If people are always telling you to “smile” (don’t get us started on how annoying that can be), you might have RBF, better known as “resting bitch face.” It’s a condition that impacts people who have no facial expression between apathy and joy.
If you have RBF, don’t let anyone make you feel bad about it because it’s just the way your face sits naturally, not an indication that you’re a bad person. In fact, science may have proved that you’re genetically predisposed to not be amused all the time.
OZY reports that new research found that “people who have two shorter serotonin transporter genes have a tendency to smile or laugh more easily than others,” even if the jokes aren’t funny. People with two longer genes get the opposite effect.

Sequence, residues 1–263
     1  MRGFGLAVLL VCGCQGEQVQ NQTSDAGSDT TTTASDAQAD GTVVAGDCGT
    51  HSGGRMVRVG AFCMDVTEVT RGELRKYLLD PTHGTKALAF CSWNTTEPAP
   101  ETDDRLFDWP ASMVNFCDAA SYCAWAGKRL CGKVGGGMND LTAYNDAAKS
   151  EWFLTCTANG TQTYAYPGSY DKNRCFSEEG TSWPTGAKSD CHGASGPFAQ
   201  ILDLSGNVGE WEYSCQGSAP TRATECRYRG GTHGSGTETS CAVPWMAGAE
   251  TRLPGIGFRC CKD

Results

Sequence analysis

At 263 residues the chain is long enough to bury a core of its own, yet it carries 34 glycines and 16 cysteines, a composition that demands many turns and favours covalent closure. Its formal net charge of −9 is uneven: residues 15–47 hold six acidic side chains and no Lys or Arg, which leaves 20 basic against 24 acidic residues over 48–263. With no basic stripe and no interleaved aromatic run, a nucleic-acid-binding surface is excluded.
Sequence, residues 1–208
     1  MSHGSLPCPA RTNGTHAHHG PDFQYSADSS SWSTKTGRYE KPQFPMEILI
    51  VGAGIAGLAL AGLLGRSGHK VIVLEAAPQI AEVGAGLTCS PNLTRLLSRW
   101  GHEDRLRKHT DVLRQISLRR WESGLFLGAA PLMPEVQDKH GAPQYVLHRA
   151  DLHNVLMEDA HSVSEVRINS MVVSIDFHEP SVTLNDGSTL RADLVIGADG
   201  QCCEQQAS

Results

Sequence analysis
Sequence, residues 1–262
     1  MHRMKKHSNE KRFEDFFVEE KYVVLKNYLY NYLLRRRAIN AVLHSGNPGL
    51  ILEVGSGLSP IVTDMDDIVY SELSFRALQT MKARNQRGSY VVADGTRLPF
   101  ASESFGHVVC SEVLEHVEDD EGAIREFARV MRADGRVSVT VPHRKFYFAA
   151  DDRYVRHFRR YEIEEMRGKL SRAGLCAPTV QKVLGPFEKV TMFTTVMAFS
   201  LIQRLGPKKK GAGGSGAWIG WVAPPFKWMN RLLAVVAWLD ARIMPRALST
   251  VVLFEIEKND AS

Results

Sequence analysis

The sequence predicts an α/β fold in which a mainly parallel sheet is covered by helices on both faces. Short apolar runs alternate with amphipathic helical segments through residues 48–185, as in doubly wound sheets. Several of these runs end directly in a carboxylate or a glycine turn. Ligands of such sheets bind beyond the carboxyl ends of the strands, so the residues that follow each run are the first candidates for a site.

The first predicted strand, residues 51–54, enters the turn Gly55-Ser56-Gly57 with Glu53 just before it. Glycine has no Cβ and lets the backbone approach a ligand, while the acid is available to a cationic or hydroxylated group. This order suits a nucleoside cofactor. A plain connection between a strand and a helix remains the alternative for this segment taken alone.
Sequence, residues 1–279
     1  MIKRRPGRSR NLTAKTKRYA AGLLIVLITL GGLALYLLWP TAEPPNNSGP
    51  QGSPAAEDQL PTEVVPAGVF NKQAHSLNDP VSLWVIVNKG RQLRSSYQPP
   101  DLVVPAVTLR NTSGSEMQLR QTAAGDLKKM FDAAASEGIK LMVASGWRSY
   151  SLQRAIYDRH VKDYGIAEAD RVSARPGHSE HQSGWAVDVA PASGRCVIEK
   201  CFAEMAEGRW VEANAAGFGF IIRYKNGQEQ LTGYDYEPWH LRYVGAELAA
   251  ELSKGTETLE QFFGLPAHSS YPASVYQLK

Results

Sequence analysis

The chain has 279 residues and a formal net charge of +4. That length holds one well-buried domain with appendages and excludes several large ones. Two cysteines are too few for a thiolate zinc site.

While those peppy people may seem a lot happier than people with RBF, that’s not exactly the case. People with shorter genes are also prone to mood swings, experiencing a range of emotions from extremely joyous to very depressed.
This doesn’t mean any personality type is better than the other. Some of us smile more often and some of us scowl more often, and that’s perfectly fine.
The next time someone tells you to smile (or says you smile too much), just say, “Back off, I was born this way.”